The games, of course, got considerably more aggressive and you can't really treat Baluga Theorem as an axiom (after all - it's just a theorem, besides there are almost no axioms in poker) these days, but if you're playing a hand at NL10 and you're facing a raise on the turn, more often than not you're dealing with a range that's heavily weighted towards value and it might be a good idea to get away with marginal made hand.
This might as well be a solution to every poker problem in existence and it highlights a very interesting issue many players have. Sometimes we get so caught up in searching for the 'optimal' strategy that we forget to test if the theory actually works (or worse yet - if we are even able to execute the theory?).
Fortunately, poker is heavily math based and given the fact that math is a hard science it's technically possible to solve it away from the table (given enough processing power and/or sufficient amount of time).
The main problem is that unless you're willing to cheat and use your expertly crafted poker strategy to program a poker bot you're the one who'll have to execute said strategy. Here lies the main problem. Human beings aren't robots. We tilt, we get tired we favor preferences over facts, we autopilot etc. etc. Playing good poker is a delicate balancing act between rationalism and empiricism - you have to have a great strategy and execute it correctly.
Going back to the subject at hand, let's consider some of the situations in which consulting our database can help us determine the optimal course of action as it pertains to folding. According to the "conventional wisdom" folding 22-66 hands preflop vs. UTG/MP open would be considered correct due to the range advantage of preflop raiser.
However, depending on your stakes, poker room, and play style this advice might actually cause you to lose money. Maybe you're playing low enough (or you're good enough) that position combined with skill advantage allows you to profit in those spots. Maybe there's a ton of recreational players playing at your poker room of choice and they usually come along for the ride in those situations bumping your implied odds considerably? Make sure to filter out those spots and find our for yourself.
Another simple example. Check your win rate from the blinds when defending against a steal. Look at the hands that you lose more money with than you would if you simply folded them. Just because you heard in a video that you should be defending BB with a hand X doesn't mean that it's a correct choice for you. Same goes for folding to flop cbet or check/raise etc. folding to a double and triple barrel and so on.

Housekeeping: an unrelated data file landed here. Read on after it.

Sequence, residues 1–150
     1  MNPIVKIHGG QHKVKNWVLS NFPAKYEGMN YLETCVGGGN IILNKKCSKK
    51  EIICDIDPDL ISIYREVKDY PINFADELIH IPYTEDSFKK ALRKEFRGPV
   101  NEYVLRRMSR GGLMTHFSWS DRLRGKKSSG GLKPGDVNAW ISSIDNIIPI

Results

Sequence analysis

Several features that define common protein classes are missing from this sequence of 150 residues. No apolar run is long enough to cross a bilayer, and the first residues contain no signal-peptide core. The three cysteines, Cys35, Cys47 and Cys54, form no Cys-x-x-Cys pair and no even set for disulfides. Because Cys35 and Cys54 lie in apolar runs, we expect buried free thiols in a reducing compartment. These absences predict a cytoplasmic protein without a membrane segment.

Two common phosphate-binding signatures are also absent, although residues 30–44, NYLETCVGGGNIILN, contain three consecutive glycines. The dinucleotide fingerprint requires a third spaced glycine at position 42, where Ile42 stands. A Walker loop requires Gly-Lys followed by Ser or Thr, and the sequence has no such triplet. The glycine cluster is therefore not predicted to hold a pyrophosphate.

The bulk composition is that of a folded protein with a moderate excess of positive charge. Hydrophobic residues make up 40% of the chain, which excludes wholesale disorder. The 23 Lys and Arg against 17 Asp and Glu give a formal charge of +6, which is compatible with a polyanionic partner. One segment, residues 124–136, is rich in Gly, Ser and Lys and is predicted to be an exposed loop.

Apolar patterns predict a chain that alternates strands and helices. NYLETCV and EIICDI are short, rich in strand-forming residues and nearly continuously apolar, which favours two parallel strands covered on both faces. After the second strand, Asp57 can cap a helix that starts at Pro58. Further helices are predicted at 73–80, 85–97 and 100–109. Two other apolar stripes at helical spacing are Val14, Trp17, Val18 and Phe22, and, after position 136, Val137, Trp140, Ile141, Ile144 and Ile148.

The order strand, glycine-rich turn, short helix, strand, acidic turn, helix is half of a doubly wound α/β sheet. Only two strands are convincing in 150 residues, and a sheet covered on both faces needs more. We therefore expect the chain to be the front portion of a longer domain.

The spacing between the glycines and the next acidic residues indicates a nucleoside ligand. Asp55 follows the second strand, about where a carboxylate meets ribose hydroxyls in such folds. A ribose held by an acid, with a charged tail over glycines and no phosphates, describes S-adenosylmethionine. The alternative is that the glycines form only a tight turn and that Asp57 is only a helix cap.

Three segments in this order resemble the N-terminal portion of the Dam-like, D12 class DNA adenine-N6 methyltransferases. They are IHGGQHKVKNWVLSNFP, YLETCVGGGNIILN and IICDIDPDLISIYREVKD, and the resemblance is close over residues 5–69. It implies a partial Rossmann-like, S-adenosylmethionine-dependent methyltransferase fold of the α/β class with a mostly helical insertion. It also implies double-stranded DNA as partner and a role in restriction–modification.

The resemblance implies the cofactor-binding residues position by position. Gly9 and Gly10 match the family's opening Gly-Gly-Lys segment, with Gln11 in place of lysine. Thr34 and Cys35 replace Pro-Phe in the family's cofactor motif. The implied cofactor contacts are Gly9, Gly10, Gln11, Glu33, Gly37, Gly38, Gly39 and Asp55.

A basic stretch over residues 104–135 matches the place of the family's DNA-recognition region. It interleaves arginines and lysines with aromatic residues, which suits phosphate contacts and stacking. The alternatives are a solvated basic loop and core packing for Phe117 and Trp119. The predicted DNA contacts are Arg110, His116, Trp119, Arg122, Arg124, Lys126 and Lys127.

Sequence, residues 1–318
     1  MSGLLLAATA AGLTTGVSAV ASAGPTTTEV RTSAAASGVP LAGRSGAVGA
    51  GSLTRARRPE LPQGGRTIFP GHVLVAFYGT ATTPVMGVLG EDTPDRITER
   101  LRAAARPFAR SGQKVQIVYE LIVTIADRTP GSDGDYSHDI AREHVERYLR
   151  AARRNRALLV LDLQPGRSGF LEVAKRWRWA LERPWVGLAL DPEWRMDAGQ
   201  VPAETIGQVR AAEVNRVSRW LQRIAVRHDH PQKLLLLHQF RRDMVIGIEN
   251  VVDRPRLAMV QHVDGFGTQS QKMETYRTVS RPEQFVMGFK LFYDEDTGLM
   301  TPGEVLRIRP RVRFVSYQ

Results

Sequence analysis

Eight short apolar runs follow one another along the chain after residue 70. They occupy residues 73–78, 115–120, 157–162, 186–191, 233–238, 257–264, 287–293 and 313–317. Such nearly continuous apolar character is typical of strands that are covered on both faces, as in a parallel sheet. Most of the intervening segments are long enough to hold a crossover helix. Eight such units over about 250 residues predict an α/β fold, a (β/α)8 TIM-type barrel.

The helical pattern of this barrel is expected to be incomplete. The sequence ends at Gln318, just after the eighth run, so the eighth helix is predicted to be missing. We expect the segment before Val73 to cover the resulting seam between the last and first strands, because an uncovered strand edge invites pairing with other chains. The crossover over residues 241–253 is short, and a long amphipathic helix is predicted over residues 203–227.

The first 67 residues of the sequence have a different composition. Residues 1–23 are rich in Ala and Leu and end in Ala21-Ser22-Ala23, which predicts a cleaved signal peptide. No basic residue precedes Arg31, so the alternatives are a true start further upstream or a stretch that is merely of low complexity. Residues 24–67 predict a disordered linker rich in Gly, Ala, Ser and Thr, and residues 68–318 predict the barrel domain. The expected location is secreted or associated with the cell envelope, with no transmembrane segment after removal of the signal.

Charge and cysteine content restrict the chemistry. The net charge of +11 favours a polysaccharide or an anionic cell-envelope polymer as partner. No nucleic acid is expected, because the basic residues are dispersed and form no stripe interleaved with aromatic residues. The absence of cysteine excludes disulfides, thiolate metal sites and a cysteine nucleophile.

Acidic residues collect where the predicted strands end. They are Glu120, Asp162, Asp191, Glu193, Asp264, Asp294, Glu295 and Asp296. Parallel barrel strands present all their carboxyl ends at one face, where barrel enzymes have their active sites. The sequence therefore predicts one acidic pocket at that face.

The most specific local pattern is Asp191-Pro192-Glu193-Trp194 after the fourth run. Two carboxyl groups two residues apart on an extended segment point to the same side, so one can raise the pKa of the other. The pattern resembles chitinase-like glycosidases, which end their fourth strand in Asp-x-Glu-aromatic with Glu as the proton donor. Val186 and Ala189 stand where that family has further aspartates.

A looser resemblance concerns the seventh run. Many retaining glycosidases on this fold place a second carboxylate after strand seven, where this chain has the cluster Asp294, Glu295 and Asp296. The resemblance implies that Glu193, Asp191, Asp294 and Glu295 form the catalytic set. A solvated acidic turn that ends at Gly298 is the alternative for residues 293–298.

May the (Implied) Odds be Ever in Your Favor
One of the main sins on no limit hold'em players that causes them to continue with hands they should clearly throw into the muck (virtual or otherwise) is overvaluing their implied odds. Just because we have the option to play for the entirety of our stack at any point in the hand it doesn't give us the free rein to assume 'anything can happen' attitude and chase draws that will never get paid off by the opponents.
We've mentioned before that it might be a good idea to base our preflop folding decisions on the implied range advantage of the opponent resulting in the high frequency of potential reverse implied odds situations.
To put things simply, if we call preflop with a 22-66 against a tight UTG/MP opponent we can never be on top in a set vs. set situation. It's also extremely unlikely that we'll be able to get paid off by their top pairs when we hit (Baluga Theorem) and therefore for most people calling pre with those small pocket pairs will equate to burning money in the long run.
Punishing Players Who Are Bad at Folding
After we figure out the spots in which we might be losing value by not folding enough the natural consequence would be to punish other players for making the same mistakes we used to. For example, many players with low W$WSF stat tend to give up easily in small or limped pots.
Knowing that we can start fighting aggressively in those kinds of situations with frequent lead bets. Players with a high WTSD statistic will be our main clients for frequent thin value bets since they usually have huge trouble with releasing subpar holdings.
Knowing that most players are notoriously bad at constructing their turn raising ranges (which allowed Baluga Theorem to stay relevant for such a long time) we should spend some time with Flopzilla to figure out the bottom of our range on the turn in certain situations and start using it as an efficient tool to bluff. Remember that depending on particular spot turn ranges can become very, very narrow so it's important not to go overboard with aggression.
Another interesting example of a play that punishes conservative folding ranges is a good old double and triple barrel bluff. Everyone knows that cbetting is good and people tend to cbet the flop very often. Because of that many players feel obliged to call flop bets without thinking about their overall strategy. That's why barreling on favorable cards can be such an effective play.